The threshold may be determined through training on a source sequence with known true decisions, as determined manually by a detelecine operator. Given this training source sequence with corresponding known true decisions, the correlation metric c i ! is calculated for every field i in the sequence. Given a selected threshold t, one can then compute the conditional probability P{c<t|match}, which is the probability of observing a correlation result less than t given that the corresponding field was truly supposed to be a match. This is a measure of undetected drop error, or how often an error is made in declaring no match when the field was really supposed to be a match. One can also compute the conditional probability P{c>t|no match}, which is the probability of observing a correlation result greater than t given that the field was supposed to be no match. This is a measure of false drop error, or how often an error is made in declaring a match when the field was really supposed to be no match. The threshold t may then be selected as a tradeoff between the undetected drop error and the false drop error. For example, as t is increased, false drop errors become less likely but undetected drop errors become more likely. The threshold could therefore be selected as the smallest value of t which results in no false drop errors over a given training sequence. With an exemplary training sequence over a window size of {-20,+20}, a suitable threshold in one embodiment of the invention was selected as t=7.

The processing operations of elements 60-68 are repeated to yield a value for the field-match indicator z i! for each field in the input source telecine sequence.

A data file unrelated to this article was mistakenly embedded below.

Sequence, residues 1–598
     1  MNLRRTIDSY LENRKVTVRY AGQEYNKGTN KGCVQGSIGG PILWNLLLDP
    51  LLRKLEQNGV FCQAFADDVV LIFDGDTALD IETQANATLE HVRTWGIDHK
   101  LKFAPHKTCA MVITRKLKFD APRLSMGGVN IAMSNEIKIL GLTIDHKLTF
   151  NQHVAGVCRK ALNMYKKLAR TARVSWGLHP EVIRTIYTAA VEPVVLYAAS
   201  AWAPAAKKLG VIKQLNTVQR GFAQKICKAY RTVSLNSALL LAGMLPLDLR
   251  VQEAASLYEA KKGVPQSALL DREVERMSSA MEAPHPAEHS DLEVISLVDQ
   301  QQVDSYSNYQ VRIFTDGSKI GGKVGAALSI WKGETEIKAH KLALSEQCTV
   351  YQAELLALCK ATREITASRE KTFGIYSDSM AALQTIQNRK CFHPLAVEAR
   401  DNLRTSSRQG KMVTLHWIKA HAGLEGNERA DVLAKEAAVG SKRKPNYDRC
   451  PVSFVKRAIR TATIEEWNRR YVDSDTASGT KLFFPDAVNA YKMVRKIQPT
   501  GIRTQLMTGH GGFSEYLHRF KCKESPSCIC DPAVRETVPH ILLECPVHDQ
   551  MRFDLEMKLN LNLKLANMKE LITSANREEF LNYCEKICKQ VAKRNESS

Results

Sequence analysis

However, the resulting sequence of z i! values at the output of threshold element 68 may not yet be directly convertible to a legal sequence of MPEG-2 repeat field codes. The z i! values generally must be processed to break some of the declared matches to resolve lone fields and other "odd" transitions. The odd transitions may be introduced by telecine edit points or field match errors such as missed matches or falsely declared matches. This process is performed by the MPEG-2 field grouper 70.

The field grouper 70 receives as an input the field-match values z i! and determines which pairs of fields or groups of three consecutive fields constitute a frame for encoding.

FIG. 4B illustrates a gap between consecutive declared matches in an exemplary field sequence. A declared match is generated for a field n as indicated by the field-match value z n!=1. The next declared match occurs for field n+4 as indicated by the field-match value z n+4!=1. The gap between the successive matches in this example is four. A running gap is a gap which repeats itself over a sequence of fields. The grouper 70 utilizes gaps and running gaps to determine appropriate field groupings.

A running gap of length one ending just before a non-match field is indicative of an interval of fields corresponding to consecutive frames of telecine material. The variable "interval-- length" indicates the length of an interval determined to have a running gap of length one. If (interval-- length mod 3)=0, field grouper 70 groups consecutive fields of three for the entire interval. If (interval-- length mod 3)=1, field grouper 70 groups a pair of fields at the beginning of the interval, then another pair of fields, then consecutive fields of three for the remainder of the interval. If (interval-- length mod 3)=2, field grouper 70 groups a pair of fields at the beginning of the interval, then consecutive fields of three for the remainder of the interval.

Gaps of length two or more are treated in the following manner. If the gap is even, the field grouper 70 groups consecutive fields of two until the next declared match. If the gap is odd, the field grouper 70 groups three consecutive fields and then pairs of fields until the next declared match. The first two fields of three-field groups comprise a frame for encoding while the third is a repeat field to be dropped. The field grouper 70 may therefore set a repeat-first-field flag for such a three-field group to a value of one, while setting the repeat-first-field flag for two-field groups to zero. The field grouper 70 may also set top-field-first flags for each group to indicate the parity of the first field in the group.